This article originally appeared on GroundUp.
Does your partner inherit your estate if you’re not married? The Constitutional Court has given us the answer: it depends on your sexual orientation.
Last week the Court handed down its decision in the case of Laubser v Duplan: the partner in a same sex couple can inherit if the deceased partner did not leave a will (intestate), even if not married. Heterosexual life partners, however, cannot inherit from an intestate partner unless they were married.
The case involved a gay couple, Cornelius Laubser and Eric Duplan, who lived together but never married. Laubser died without having drawn up a will. In the High Court, Duplan was treated as a spouse under the Intestate Succession Act and entitled to inherit. However, Laubser’s brother, Rasmus Laubser, appealed the decision.
The question to be decided by the Constitutional Court was whether the extended definition of the word “spouse”, which included unmarried same sex couples, should be changed.
In a previous case, Gory v Kolver, the Constitutional Court had extended the definition of spouse to include all same sex partners (irrespective of marital status) because, at the time the case was decided, the Intestate Succession Act did not allow for unmarried same sex couples to inherit. This decision allowed same sex couples to be recognised for purposes of succession, even though they could not solemnise their relationship through marriage.
However, since then the Civil Union Act has come into force, allowing same sex couples to marry. Laubser argued that this meant that same sex couples now had to solemnise their relationship in order to inherit intestate, just as heterosexual couples had to do under the Marriage Act. He also argued that the decision in the Gory case was an interim measure, intended to apply only until Parliament passed legislation allowing same sex couples to marry.
The underlying justification for these arguments hinged on another Constitutional Court case, Volks v Robinson, in which the Court held that heterosexual partners could not inherit unless they solemnised their relationship in marriage.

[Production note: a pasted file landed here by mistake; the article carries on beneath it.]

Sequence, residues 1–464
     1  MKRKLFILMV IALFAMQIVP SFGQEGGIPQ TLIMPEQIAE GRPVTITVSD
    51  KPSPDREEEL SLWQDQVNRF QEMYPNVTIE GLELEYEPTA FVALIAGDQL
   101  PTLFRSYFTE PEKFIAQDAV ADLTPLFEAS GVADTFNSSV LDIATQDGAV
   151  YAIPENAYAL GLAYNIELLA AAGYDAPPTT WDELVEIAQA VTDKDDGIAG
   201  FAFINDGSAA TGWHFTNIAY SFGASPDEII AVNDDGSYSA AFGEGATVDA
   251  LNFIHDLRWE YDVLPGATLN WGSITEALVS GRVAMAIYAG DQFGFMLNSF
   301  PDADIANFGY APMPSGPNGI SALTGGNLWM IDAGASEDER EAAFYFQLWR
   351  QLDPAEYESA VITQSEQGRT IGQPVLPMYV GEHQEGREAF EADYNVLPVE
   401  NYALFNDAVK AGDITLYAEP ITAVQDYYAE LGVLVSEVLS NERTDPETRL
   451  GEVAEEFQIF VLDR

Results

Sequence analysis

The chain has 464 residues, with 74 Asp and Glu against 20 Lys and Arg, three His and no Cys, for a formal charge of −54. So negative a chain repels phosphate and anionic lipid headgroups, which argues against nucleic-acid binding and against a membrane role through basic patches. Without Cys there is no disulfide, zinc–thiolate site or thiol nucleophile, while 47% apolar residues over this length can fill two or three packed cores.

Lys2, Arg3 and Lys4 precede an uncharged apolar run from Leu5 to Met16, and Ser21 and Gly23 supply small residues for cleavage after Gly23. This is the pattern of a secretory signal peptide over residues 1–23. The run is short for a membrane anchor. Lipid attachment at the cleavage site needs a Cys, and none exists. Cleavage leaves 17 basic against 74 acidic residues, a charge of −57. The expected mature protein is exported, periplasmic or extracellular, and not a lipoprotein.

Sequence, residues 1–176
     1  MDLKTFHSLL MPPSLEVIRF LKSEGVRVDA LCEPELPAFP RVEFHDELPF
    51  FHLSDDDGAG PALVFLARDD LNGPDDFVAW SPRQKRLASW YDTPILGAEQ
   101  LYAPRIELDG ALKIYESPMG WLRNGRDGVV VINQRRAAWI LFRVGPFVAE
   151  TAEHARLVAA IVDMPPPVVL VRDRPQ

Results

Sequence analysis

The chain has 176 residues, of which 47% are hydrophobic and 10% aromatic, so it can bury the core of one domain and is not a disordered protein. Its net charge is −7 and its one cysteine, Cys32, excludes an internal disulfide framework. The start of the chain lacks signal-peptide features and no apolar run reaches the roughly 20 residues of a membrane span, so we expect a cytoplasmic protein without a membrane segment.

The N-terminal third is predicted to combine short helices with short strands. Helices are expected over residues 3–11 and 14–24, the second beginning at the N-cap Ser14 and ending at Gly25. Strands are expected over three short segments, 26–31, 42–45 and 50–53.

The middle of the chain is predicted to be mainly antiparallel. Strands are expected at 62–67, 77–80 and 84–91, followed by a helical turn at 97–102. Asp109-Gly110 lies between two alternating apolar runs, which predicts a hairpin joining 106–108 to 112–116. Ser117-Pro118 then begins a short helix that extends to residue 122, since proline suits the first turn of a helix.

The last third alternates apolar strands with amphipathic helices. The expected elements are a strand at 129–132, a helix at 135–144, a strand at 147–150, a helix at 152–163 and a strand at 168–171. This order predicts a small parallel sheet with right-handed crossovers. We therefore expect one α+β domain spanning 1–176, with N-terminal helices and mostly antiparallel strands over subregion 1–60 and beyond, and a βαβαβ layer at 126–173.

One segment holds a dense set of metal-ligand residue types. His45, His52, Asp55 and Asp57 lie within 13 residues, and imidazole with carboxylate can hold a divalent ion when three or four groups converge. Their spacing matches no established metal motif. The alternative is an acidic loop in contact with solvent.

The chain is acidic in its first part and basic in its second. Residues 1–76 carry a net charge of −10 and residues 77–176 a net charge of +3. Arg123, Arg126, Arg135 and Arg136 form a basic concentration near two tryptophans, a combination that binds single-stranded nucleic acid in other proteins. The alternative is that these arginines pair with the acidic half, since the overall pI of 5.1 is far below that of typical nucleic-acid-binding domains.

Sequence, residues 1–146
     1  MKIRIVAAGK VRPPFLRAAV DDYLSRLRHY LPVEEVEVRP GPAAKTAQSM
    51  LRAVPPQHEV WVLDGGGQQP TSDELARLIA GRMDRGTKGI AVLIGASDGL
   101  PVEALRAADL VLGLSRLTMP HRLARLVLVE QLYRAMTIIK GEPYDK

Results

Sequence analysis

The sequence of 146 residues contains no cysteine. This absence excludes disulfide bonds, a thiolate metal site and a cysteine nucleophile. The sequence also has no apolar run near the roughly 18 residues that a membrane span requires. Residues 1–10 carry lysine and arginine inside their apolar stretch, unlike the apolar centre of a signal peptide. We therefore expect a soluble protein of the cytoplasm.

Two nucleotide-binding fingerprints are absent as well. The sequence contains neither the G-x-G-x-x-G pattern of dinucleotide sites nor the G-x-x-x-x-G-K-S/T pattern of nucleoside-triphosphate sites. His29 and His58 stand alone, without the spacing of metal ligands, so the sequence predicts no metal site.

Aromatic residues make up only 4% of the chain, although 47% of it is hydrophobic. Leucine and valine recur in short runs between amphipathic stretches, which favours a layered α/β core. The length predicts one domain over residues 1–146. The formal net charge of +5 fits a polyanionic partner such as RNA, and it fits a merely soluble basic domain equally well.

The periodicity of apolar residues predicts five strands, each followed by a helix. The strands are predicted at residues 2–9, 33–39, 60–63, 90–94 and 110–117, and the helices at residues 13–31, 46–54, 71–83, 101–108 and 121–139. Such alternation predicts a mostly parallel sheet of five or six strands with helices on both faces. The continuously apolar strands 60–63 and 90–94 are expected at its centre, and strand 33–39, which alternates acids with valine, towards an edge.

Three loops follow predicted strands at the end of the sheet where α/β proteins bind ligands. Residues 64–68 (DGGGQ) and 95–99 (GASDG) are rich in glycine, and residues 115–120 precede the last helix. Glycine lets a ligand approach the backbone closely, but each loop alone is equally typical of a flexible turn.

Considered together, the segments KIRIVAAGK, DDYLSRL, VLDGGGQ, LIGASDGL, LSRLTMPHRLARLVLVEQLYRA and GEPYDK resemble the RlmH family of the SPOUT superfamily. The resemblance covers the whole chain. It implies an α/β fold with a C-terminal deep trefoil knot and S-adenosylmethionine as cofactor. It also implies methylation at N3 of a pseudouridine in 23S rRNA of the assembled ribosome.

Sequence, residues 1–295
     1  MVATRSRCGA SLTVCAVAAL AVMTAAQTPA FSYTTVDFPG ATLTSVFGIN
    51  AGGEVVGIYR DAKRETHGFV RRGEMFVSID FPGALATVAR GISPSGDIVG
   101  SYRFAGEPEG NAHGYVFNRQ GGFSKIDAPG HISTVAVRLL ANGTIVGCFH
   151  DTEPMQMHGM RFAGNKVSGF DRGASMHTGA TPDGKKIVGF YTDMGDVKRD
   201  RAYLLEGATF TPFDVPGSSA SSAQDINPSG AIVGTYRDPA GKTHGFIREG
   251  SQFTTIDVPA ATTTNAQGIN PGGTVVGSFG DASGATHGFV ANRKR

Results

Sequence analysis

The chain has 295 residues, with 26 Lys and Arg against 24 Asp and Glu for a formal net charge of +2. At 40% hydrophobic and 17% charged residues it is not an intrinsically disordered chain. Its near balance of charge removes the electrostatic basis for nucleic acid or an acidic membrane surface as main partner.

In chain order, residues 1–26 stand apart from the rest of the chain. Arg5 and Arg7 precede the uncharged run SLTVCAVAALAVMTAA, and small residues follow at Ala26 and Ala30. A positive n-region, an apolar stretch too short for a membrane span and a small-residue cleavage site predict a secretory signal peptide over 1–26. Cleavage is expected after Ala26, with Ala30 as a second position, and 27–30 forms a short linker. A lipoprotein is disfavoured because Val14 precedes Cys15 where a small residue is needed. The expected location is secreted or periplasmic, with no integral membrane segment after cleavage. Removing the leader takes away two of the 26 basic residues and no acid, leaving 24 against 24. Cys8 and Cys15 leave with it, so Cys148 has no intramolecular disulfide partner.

The Civil Union Act, coupled with the Gory decision, meant that the marital status of same sex couples was irrelevant to inheritance while heterosexual couples did need to be married in order to inherit. In essence, Laubser argued, same sex couples were given greater protection than heterosexual couples.
In the Constitutional Court decision, the majority of judges held that the extended definition of spouse in the Intestate Succession Act was not an interim measure and would remain in force until such time as Parliament chose to amend the Act.
The majority recognised the inequality that now exists between unmarried same sex couples and unmarried heterosexual couples, but decided that the decision on how this inequality should be rectified was best left to Parliament. Rectifying the inequality could take the form either of removing the protection for unmarried same sex couples or of extending the protection to unmarried heterosexual couples, a decision which the court could not make. The majority also noted that some same sex couples might have decided not to marry because of the protections afforded by Gory.
The majority of judges decided not to consider the Volks case, in part because that case involved a duty of maintenance rather than a right to inherit, and so did not directly deal with the issues raised in this case. As regards the supposed inequality between heterosexual and same sex partners, the judges found that this was irrelevant to the issue before the court.
Since there has never been a challenge to the exclusion of unmarried heterosexual partners from the Intestate Succession Act, the court has not yet been a position to decide the issue.
Justice Froneman wrote a minority judgment which differs from the decision of the majority in two respects. Froneman argues that the Gory decision provided a right of inheritance for same sex couples who were not legally able to get married, rather than for all same sex couples, as held by the majority. As a consequence, the introduction of the Civil Union Act meant that same sex couples who were able to get married but chose not to, ought to be excluded from inheriting, as is the case for heterosexual couples.
The second point on which Froneman differed was the Volks decision. Froneman argued that the Court should take into account the Volks case and the constitutional right to not be discriminated against on the basis of marital status. The decision in Volks was made in a context which was – as Froneman termed it – ‘marriage-centric’ and failed to recognise and include unsolemnised life partnerships. As a consequence, the court ought to move away from the decision in Volks and include both unmarried same sex and unmarried heterosexual couples, he argued.
It will now be interesting to see what Parliament does to rectify the discrepancies between the rights of same sex and heterosexual couples in the case of a partner dying intestate.